ENGLISH POETRY 1579-1830: SPENSER AND THE TRADITION
Dr. John Wolcot
Anonymous, "Peter Pindar's Pegasus" St. James's Chronicle (4 February 1794).
Dr. John Wolcot:
1776 ca.: A Lady of Truro
1786 ca.: Edmond Malone
1786: D-s Pallet
1786: R. S.
1786: A Lady
1787: G. B. R.
1787: H. D.
1788: A Loyal Subject
1789: Harriet Falconar
1789: William Hayley
1789: Mrs. Boys
1790: Isaac D'Israeli
1790: Rev. Andrew Macdonald
1792 ca.: George Reid
1794: Thomas James Mathias
1794: A. N.
1796: Robert Burns
1796: William Wordsworth
1796: Alexander Balfour
1799: Mary Robinson
1800: William Gifford
1800: George Reid
1800: Thomas Dermody
1801 ca.: William Jackson
1801: Alexander Thomson
1802: Anne Grant
1806: Rev. Lawrence Hynes Halloran
1806: Samuel Jackson Pratt
1810 ca.: Anonymous
1811: Henry Crabb Robinson
1812: A. K.
1814: Leigh Hunt
1814: Thomas Barnes
1815: William Henry Ireland
1816: X. X.
1818: Thomas Enort Smith
1819: John Taylor Esq.
1820: John Keats
1820 ca.: Anonymous
1824: John Taylor Esq.
1826: Rev. Richard Polwhele
1827: Robert Southey
1830: Richard Warner
1831: Rev. Richard Polwhele
1832: John Taylor Esq.
1848: Benjamin Disraeli
1850: John Britton
1852: William Jerdan
1858: Cyrus Redding
1882: Margaret Oliphant
1882: Epes Sargent
Peter Pindar addressed — compared to Royalty, a chimney-sweep in the dirt very naturally leads to fox-hunting and hedge-rows — which as naturally brings us to cock horses — Bartlemy Fair — The stone King at Charing Cross, and the fleet in Torbay — Spurs, whirlabouts, poetick Incense, and sympathy — P. P.'s courage praised, with eulogies on his wig, and allusions to poney-riding — recommendations to buy a new saddle, and why?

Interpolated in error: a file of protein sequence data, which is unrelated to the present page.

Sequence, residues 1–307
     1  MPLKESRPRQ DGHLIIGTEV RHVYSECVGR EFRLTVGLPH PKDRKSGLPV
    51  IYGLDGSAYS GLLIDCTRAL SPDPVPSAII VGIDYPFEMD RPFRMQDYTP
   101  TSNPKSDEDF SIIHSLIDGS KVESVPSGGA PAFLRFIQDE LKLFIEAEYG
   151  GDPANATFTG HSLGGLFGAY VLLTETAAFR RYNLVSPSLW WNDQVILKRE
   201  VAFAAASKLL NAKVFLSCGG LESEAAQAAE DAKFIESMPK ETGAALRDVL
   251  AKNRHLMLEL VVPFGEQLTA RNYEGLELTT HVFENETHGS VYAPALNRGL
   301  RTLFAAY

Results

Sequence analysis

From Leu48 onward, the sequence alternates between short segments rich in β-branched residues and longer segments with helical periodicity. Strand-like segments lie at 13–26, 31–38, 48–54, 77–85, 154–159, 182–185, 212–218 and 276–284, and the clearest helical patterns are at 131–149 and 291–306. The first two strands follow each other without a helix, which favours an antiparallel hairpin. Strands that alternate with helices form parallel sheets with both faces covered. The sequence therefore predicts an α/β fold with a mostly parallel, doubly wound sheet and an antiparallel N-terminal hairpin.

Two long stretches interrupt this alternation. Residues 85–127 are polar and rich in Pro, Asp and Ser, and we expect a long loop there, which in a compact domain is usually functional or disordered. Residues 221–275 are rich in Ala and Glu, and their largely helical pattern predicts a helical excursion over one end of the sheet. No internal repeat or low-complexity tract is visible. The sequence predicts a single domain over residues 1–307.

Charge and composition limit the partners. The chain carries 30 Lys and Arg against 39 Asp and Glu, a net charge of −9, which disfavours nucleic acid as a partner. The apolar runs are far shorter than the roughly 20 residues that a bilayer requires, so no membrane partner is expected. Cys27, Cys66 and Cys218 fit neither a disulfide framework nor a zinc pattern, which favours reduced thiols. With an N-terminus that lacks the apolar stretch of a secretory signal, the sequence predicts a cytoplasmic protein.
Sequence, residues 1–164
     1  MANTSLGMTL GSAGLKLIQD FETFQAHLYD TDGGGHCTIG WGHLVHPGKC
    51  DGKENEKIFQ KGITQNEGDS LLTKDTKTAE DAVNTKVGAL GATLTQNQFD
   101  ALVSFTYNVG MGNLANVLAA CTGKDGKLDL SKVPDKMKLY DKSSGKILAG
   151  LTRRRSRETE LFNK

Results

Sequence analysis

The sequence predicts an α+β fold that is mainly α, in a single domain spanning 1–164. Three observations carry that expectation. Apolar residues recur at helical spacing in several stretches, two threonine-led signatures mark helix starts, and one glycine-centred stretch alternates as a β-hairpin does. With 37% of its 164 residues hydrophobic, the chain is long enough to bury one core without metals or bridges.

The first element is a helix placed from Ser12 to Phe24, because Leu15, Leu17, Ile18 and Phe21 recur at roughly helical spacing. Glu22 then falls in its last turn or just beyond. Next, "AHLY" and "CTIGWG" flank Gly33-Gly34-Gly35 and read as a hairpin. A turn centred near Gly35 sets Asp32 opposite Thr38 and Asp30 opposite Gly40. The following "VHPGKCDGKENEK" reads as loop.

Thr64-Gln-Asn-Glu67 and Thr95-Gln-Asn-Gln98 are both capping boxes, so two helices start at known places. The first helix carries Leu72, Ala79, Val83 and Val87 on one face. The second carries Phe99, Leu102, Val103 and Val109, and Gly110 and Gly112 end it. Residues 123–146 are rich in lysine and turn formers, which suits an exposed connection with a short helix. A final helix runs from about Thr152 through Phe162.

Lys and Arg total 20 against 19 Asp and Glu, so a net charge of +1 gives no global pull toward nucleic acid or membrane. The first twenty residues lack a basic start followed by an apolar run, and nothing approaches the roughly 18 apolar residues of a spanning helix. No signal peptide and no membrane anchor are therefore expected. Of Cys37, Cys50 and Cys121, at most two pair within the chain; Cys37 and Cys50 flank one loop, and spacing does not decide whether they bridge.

Say, Master Peter, whither wilt thou skip,
With merry flea-like nimbleness of foot;
Why mount the wincing jade — the tumbling Rip,
Like some bold, luckless Majesty of Soot;
Who when on high,
With jet-black dignity,
Rump-placed he strides his grisly-bodied foe,
With many a snort, and many a rearward crack,
The filthy subject on his lordly back,
Deep in a kennel lays the Monarch low.
So fares it too with many a simple wight,
With cap and spurs, and skin of buck bedight,
Perch'd on the gentlest gelding of his stud—
Off go the hounds — away the courser flies—
In vain our jockey strains his skin-cramp'd thighs,
For the first hedge-row lays him in the mud.
Now there's a fair call'd Bartlemy I ween,
Where children oft on cock-horse I have seen;
A very sightly beast, with tail and mane beside—
While like the hardy Monarch's fine stone beast
These unbroke chargers caper not the least;
Firm as the man at Charing-Cross,
These pretty children ride this horse,
And nicely on their bums, like ship at anchor ride.
But push these nags, and drive the jockies round,
Plump whirling headlong, on the frisky ground,
These little puking mortals bite the dust—
Here to fill up the goodliness of rhyme,
Let me usurp P. L. in happy time,
And fondly sympathising sigh — Ah! sad! hard crust!!!
Thus Peter you, daring and bold enough I trow,
With gall-drunk pen, and wig thumb'd threadbare thro',
(Black as thy brows, rough, wiry, thick and strong)
Would take a daily airing on the Muses steed,
And prance, like park-rode poney, all day long.
But stop — thy old worn saddle galls a striking jade,
'Twill serve no longer, Peter — get a new one made;
Or look — she'll fling thee surely man — she will indeed.